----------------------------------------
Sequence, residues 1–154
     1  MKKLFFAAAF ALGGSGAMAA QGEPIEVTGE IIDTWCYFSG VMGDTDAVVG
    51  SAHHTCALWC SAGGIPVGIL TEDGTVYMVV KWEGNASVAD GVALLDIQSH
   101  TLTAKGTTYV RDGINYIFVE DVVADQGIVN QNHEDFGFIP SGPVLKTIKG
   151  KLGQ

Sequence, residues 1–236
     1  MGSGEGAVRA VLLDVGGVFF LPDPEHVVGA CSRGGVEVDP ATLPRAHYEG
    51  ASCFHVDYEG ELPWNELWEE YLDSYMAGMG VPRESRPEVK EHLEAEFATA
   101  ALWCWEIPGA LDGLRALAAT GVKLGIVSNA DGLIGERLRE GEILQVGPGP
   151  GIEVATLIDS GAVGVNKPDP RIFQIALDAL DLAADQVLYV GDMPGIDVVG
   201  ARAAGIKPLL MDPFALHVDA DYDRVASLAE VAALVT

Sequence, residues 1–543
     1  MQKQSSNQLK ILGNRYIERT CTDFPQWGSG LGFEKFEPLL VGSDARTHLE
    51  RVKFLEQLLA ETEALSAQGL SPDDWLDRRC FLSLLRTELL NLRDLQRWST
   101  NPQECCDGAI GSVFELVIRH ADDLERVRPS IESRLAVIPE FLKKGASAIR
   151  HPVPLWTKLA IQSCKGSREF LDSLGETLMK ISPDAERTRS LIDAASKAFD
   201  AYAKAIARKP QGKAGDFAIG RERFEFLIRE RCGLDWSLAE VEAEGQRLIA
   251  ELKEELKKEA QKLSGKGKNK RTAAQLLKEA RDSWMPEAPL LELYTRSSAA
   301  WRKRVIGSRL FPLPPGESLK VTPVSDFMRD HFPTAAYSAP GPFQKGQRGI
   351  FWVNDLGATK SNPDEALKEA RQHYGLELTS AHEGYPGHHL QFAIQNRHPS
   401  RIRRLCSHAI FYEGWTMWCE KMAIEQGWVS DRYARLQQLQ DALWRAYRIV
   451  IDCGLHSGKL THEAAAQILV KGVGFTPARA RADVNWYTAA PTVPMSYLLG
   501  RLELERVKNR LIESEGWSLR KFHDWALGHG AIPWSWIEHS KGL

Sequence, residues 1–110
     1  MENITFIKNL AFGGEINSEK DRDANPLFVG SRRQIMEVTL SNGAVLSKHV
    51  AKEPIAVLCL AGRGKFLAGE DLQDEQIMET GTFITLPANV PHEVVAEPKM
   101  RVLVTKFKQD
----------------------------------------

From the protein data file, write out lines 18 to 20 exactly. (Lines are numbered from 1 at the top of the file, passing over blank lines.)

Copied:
   251  ELKEELKKEA QKLSGKGKNK RTAAQLLKEA RDSWMPEAPL LELYTRSSAA
   301  WRKRVIGSRL FPLPPGESLK VTPVSDFMRD HFPTAAYSAP GPFQKGQRGI
   351  FWVNDLGATK SNPDEALKEA RQHYGLELTS AHEGYPGHHL QFAIQNRHPS